Page 1 of 1 Like almost all of their contemporaries, the early Mercedes cars, designed by Gottlieb Daimler and Wilhelm Maybach, used chains to drive the rear wheels. It was considered the only reliable way of transferring the torque produced, especially by the large engined models. In 1908, Mercedes broke that mould with the introduction of the new 35hp, or the 'cardan car'. This was a reference to Italian mathematician, philosopher and physician Gerolamo Cardano, to whom the invention of universal joints is often attributed.
Compared to the chains previously used the new propellor shaft employed by the 35 hp was lighter, less noisy and did not require constant lubrication. A disadvantage was the additional vibration caused by the more solid connection between the engine and the rest of the drivetrain. Constant development had cured all the problems associated with a cardan drive and following its introduction on smaller engined models in 1905, Gottlieb Daimler felt the time was right to also offer it on the top of the range models. Chain-drive models were, however, still available up until 1914.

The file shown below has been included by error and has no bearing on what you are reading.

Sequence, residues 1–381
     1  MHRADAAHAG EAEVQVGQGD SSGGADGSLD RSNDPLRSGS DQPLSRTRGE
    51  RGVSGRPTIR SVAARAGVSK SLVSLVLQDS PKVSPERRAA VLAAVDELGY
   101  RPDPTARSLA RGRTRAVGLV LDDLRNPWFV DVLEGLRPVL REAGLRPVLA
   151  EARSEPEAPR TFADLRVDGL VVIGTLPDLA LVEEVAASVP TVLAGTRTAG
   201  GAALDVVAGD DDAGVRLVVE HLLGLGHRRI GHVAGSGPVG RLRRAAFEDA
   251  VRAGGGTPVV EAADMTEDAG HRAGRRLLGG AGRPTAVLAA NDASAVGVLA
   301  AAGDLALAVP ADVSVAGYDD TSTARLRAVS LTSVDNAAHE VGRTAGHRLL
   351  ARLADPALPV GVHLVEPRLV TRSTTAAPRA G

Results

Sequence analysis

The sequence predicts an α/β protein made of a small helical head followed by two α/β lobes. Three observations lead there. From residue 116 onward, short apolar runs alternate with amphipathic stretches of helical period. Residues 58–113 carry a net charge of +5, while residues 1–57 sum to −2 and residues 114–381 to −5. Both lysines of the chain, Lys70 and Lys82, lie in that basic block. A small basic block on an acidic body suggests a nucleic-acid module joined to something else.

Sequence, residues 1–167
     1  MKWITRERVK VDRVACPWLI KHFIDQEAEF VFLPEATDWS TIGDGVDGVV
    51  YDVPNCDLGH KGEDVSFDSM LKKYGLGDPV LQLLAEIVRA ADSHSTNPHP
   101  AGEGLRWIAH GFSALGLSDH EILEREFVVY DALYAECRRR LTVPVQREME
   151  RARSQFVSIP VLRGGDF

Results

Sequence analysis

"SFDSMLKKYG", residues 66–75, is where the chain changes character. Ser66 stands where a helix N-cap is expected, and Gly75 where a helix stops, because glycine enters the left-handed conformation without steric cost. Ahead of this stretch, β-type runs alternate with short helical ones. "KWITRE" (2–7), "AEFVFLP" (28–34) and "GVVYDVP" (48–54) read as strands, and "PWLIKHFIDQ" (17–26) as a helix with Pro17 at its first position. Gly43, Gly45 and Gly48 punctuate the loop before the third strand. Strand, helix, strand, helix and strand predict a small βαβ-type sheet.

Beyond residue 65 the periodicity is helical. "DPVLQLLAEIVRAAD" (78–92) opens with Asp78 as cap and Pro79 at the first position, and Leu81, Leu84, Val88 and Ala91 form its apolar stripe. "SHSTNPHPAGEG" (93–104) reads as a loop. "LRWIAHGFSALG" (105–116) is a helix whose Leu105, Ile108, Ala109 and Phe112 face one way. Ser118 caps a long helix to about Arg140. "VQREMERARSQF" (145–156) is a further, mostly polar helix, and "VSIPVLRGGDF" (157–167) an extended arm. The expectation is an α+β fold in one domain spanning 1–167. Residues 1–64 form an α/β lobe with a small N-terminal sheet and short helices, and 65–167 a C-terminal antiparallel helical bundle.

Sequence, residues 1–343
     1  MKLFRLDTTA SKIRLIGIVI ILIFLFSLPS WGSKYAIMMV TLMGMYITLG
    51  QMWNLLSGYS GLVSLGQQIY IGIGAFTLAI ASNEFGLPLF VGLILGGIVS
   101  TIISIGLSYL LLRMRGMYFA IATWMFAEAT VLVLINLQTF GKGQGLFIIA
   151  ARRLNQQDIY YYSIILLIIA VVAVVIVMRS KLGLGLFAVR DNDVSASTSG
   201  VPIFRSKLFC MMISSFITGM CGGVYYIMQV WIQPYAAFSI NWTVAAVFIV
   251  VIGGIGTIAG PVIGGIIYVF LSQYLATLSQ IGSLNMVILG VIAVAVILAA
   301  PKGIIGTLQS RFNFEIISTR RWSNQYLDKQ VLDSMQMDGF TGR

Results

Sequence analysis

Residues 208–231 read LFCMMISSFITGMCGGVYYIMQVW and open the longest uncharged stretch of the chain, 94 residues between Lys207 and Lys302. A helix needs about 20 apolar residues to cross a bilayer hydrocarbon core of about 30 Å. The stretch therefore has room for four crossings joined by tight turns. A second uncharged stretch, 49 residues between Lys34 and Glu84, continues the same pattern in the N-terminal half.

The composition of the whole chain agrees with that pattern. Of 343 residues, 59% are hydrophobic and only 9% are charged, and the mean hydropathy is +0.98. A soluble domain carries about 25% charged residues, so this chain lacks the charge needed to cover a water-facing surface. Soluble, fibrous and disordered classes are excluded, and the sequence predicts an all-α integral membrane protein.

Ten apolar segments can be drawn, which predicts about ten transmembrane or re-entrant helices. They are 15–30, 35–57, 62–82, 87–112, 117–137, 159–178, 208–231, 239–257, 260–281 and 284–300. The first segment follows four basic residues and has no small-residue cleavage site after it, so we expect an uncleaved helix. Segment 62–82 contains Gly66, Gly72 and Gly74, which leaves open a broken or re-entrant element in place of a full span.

What was carried over from the previous 35 hp chain-drive Simplex model was the four-cylinder engine. Constructed from a pair of two cylinder blocks, it featured vertically mounted valves actuated by two laterally mounted camshafts. The 5.3-litre engine also sported twin-spark ignition and produced 35 bhp. Mated to a four-speed gearbox, it was installed in a straightforward pressed-steel ladder frame. Suspension was by rigid axles and semi-elliptic leaf springs on both ends. Capable of a top speed of 70 km/h, the only measure to slow the 35hp down was a water-cooled brake that acted directly on the driveshaft.
Following the introduction in 1908, the new 'cardan car' was renamed the 21/35 hp with the former referring to the taxable horsepower figure. In 1910, it was replaced by the slightly larger engined 22/40 hp, which in turn evolved into the 22/50 hp, which remained in production until 1920. Page 1 of 1